Viral Myths and Biopolitical Disruptions Amidst the Emergence of a Novel Coronavirus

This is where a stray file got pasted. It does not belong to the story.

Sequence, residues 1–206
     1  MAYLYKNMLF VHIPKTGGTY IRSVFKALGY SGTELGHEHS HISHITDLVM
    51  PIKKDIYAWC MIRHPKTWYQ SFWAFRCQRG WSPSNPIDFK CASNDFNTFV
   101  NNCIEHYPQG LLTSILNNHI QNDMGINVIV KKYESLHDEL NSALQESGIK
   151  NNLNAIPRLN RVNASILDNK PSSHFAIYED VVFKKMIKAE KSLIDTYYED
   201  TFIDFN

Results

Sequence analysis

Since 2012, a novel coronavirus named Middle East Respiratory Syndrome Coronavirus, or MERS-CoV, has infected 491 people and killed 147 in 18 countries— a case fatality rate of almost 30%—twice as high as the 2003 SARS pandemics. An incomplete understanding of its epidemiological and ecological nature has left scientists racing against the clock—but is that all to the story of emerging infectious diseases? This analysis seeks to investigate the hidden narratives amid the dominant epidemiological discourses—of human interdependence rather than of biological susceptibility—through the counter-authoritative framework of “viral myths”. I will explore discourses in obscuring viral nomenclatures, the biopolitics of insecurity, the commodification of intellectual property rights, and their respective public health implications, which hurtles us toward an embodiment of both molecularized and globalized precarity. This heterogeneous collection of “viral myths” amid the MERS outbreaks serves as a microcosm for past, present, and future infectious diseases.